The resistance to accountability goes back a long way–perhaps to the Garden of Eden with the passing of blame from Adam to Eve and from Eve to the serpent. Each evaded taking responsibility for his or her actions. These problems persist to the present day as a result of this original brokenness. To whom am I accountable and to whom shall I submit? And for what reason?
I work with faith-based schools in many different places. Most of them have submitted to some form of accountability in the form of accreditation by an organization of schools that they have chosen to join or are required to join by their provincial government. Schools sometimes contact me to begin the process of curriculum alignment to an external set of standards, and I help them with tools and processes to begin this journey. Sometimes I go to schools to provide training and am not surprised to find that the vision for improvement provided by the school leadership is not in some cases widely embraced; in many cases that vision is not well understood by a majority of the staff.
I can’t let my mind wonder about other schools that seem content with the status quo and do not seek any measures of accountability. In these cases, freedom from any government intervention or accreditation or corporate accountability is a detriment that can lead to subpar schools, ones that probably should not exist. If the market functions properly, they will not be around long term.
It is easy to be discouraged in the face of resistance to improvement. I try to remind teachers that school improvement is a task connected to the love they feel for their students. Similarly, as a father I did things to care for my children that were not always fun but were in their best interest. However, even when it is our own children, we parents sometimes whine about the sacrifices we make for them, so I guess it is simply the broken human condition to resist working toward improvement. Among teachers, I am most troubled to hear these complaints in schools where every word and action should be seen as an offering of worship to God, efforts that connect deeply to the mission of the school and call all staff members to offer their finest.
As I look around at the range and quality of Christian schools, I see that the flourishing ones have embraced accountability not only through accreditation or provincial requirement, but by implementing best practice at the school level. Growth may begin with a strong leader moving the school in the right direction, but it will certainly not become culturally embedded and lead to lasting change without sustained effort. Accreditation can be a starting point for improvement, but it will produce limited and minimal standard results unless a true culture of improvement is rooted in the school culture through purposeful processes and intentional routines and rituals. I am a fan of accreditation as a serious first step, which is why I led the team that developed the Measuring the Mission instrument while employed at Christian Schools International. This tool has resulted in an increased number of schools seeking accreditation.
Even with a good self-assessment tool and a good process, accreditation seems dependent on the quality of the visiting team and their expertise. The lack of follow-up by the visiting team to see if change has been made is a common weakness, and the school may once more be left to the will of the leader and board to faithfully implement what was identified as needs and an action plan. Will they lead, or won’t they? Leadership change and commitment to a long-term direction remain problematic, let alone changing how the teachers teach and assessing the quality of student work. Thoughtful and collaborative intentionality is the key in all aspects of a flourishing school, but as we know, there are a thousand things that can derail good intentions.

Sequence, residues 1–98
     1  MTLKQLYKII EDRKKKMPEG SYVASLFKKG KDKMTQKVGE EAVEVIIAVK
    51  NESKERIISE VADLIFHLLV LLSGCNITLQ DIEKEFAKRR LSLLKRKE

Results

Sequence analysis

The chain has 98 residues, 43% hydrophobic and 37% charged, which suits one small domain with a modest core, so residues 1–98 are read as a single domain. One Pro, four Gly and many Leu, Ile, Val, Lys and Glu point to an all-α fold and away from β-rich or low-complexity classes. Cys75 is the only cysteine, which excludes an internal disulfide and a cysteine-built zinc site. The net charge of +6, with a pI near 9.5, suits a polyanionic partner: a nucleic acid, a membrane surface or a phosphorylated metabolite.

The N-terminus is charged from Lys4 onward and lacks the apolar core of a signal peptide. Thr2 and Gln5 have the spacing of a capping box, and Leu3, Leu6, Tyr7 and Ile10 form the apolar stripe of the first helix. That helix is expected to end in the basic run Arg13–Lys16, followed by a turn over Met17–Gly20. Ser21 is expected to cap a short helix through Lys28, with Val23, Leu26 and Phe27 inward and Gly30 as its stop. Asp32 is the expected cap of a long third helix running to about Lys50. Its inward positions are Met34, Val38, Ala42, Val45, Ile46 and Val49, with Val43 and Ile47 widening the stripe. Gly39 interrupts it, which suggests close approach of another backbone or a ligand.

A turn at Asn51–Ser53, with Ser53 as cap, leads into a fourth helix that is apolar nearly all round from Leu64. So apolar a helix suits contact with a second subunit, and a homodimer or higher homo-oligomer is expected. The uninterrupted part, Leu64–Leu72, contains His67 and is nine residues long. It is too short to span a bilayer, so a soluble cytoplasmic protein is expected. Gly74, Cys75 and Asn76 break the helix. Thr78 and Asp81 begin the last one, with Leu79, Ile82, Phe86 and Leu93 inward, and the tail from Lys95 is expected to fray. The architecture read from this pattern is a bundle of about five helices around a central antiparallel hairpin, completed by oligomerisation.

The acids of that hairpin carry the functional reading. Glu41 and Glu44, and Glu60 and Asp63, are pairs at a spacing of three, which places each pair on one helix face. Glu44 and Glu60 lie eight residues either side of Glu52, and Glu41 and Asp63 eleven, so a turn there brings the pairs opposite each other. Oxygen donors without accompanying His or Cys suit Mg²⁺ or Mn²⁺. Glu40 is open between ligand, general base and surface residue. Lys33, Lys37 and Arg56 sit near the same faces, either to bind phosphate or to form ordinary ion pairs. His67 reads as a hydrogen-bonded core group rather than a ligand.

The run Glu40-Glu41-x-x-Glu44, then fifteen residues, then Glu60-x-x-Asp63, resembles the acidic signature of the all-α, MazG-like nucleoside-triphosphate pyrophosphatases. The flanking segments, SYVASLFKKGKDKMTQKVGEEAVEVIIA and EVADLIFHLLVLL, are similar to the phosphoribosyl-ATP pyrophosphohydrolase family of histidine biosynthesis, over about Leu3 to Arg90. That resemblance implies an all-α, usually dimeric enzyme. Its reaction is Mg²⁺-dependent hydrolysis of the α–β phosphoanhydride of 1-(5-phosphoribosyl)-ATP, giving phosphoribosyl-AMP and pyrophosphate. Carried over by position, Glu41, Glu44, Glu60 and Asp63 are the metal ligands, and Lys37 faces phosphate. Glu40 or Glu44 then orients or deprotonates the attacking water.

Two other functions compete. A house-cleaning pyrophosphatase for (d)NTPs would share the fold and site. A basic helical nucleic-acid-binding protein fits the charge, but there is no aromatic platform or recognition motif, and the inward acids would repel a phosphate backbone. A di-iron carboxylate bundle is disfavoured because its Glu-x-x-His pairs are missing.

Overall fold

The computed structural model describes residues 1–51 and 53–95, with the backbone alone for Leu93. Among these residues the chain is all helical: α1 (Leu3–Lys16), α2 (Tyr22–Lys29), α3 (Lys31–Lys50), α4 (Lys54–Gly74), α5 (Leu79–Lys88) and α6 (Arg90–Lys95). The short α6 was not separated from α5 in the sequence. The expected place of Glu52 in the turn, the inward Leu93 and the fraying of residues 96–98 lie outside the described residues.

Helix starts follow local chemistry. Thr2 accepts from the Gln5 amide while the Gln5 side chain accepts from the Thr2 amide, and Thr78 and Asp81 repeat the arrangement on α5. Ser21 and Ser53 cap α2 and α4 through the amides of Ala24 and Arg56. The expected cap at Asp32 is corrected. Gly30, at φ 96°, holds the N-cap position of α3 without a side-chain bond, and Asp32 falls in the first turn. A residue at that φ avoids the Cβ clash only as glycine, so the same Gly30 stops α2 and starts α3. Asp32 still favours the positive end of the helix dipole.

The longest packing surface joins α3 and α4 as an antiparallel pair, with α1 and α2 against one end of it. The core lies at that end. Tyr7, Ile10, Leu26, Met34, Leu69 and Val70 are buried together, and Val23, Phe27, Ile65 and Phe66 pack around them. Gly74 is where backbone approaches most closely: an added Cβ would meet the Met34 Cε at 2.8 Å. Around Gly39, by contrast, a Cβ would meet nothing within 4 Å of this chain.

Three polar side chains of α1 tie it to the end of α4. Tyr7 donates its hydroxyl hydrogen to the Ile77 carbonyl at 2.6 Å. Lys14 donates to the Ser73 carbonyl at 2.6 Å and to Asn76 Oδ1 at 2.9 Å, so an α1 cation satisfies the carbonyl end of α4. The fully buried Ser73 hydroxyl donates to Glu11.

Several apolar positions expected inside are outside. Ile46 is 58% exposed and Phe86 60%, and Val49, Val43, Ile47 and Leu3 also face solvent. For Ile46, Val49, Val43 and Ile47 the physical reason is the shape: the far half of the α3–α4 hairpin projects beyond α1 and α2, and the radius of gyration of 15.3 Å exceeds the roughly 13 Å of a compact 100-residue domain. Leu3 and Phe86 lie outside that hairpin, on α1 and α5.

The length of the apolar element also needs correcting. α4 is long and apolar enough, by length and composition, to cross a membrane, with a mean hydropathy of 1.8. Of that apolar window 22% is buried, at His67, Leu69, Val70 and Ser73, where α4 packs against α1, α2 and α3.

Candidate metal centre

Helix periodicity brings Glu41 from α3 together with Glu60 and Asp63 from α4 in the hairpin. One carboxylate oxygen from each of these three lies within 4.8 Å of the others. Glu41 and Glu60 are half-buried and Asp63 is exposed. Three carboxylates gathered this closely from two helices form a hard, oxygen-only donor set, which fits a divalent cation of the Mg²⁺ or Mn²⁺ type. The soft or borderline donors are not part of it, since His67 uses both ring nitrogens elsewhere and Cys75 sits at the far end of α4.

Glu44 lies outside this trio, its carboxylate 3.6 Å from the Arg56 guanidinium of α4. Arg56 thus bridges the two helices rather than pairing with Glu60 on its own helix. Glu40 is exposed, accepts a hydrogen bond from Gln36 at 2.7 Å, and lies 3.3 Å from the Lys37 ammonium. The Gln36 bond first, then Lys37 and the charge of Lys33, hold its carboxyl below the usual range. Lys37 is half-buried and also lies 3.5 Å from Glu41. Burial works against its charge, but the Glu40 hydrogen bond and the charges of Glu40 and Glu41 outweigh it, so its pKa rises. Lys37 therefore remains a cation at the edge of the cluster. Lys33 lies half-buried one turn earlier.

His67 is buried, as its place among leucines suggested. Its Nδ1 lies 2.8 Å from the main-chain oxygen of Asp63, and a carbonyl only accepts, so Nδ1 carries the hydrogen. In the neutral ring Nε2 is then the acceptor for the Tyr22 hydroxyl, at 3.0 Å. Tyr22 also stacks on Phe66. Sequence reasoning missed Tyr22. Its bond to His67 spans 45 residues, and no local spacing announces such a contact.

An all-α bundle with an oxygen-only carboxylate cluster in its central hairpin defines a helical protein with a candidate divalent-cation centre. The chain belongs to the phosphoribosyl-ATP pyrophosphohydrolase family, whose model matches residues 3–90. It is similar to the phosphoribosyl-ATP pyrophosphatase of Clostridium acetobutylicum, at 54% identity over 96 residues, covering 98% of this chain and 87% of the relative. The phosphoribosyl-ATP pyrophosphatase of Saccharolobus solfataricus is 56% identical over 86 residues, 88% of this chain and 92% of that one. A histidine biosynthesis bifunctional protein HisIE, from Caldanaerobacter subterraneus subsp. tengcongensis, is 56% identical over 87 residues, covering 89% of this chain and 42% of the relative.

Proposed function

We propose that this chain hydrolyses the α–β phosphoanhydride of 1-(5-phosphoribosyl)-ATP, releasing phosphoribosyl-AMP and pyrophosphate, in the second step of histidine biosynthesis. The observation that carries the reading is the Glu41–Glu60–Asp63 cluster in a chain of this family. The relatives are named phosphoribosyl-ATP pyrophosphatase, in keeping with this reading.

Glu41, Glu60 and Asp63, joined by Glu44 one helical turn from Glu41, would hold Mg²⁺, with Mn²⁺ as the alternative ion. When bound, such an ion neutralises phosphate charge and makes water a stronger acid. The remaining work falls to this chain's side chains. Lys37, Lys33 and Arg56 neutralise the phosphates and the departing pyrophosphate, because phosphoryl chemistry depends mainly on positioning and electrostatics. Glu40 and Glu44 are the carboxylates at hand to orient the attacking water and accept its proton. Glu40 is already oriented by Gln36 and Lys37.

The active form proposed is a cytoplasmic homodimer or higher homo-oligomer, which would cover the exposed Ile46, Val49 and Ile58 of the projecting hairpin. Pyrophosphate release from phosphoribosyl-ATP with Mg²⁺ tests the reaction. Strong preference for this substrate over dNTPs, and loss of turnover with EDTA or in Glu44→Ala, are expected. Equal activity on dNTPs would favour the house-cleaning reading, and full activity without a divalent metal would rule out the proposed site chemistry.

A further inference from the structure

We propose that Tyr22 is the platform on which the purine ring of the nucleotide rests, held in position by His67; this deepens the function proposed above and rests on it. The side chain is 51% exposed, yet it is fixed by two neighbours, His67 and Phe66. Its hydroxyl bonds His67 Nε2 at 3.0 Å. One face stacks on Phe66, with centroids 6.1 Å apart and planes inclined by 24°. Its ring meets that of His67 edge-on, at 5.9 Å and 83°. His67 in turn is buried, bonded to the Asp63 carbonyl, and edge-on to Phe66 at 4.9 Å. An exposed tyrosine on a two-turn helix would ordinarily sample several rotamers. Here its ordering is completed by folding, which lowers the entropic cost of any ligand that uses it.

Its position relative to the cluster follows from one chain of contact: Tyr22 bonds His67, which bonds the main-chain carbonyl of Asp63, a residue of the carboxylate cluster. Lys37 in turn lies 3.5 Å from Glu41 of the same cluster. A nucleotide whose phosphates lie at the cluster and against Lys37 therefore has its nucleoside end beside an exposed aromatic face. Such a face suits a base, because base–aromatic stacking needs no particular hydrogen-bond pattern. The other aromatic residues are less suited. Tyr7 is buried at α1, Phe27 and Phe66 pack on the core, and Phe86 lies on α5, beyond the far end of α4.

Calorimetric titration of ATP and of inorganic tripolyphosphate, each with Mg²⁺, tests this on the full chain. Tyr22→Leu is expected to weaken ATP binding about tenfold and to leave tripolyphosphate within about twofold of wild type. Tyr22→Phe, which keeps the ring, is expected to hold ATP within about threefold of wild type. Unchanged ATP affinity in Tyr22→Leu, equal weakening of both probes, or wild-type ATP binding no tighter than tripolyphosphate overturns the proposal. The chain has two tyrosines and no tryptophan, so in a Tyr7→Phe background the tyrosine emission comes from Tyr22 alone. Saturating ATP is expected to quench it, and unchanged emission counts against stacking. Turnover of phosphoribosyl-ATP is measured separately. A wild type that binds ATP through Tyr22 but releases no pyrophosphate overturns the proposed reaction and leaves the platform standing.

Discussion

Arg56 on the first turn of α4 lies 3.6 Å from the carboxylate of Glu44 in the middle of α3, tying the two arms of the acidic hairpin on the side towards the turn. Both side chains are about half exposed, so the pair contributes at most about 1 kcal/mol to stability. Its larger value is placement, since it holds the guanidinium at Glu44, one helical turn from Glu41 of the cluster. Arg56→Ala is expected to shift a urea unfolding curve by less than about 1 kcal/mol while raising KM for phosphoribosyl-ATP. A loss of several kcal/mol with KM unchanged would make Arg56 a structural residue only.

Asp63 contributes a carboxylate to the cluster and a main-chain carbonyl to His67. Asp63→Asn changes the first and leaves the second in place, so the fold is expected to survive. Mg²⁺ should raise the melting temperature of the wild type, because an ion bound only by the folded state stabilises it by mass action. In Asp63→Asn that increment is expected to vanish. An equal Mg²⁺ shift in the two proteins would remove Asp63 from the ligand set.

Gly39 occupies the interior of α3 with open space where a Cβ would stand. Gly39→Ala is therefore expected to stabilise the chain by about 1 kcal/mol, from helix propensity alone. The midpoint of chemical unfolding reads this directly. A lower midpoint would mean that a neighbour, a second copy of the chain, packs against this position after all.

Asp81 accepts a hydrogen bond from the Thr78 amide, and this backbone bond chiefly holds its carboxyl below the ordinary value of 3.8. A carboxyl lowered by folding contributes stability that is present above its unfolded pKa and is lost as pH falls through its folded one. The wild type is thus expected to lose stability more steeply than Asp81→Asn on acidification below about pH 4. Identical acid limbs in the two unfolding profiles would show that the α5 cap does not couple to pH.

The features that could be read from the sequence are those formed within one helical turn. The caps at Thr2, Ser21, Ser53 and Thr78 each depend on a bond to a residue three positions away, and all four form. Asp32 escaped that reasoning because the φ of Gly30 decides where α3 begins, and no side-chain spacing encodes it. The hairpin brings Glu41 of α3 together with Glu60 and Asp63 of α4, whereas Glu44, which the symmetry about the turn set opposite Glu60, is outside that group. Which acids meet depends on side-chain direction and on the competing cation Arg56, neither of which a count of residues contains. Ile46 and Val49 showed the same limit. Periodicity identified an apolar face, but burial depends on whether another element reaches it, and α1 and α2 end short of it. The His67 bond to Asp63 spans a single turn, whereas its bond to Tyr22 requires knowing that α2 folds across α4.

Faith-based schools moving into deeper learning practices such as project-based learning, Teaching for Transformation, and Big Picture Learning are moving in the right direction of increased accountability when they make visible to all community members the purpose and focus of learning through exhibitions of collective student work, individual student portfolios, and service learning connected to both the curriculum and the broader community. However, these audiences of peers, parents and community members are more of an encouraging audience than ones who can offer a constructive critique from a professionally informed perspective.
Recently I had the opportunity to attend an International Baccalaureate (IB) World Continuum conference. Represented were schools from all over the world who use the IB program at all levels of their schools. Two ideas stood out to me from this experience and the wonderful pre-conference days held at White Rock Christian in Vancouver, BC. First, these schools submitted their student work to the IB organization for evaluation and critique. This work was reviewed by other professional teachers for overall quality and final grading. Second, in order to be a part of the IB organizations, these schools completed a three-year candidacy process and then committed to ongoing professional development programming for all their teachers. Consequently, IB course completion and student grades hold the highest value for student entry into higher education colleges and universities worldwide. Furthermore, hearing and seeing how the IB Continuum was implemented from an equity and access perspective in the Ann Arbor Public Schools with some of the most disadvantaged students helped me realize that this model could work for all students, not just those “born on third base.” It was exciting to hear how high expectations coupled with high support and high accountability could equal future-ready students.
What would it look like if all Christian schools adopted this level of accountability on behalf of their students and the missions they seek to implement?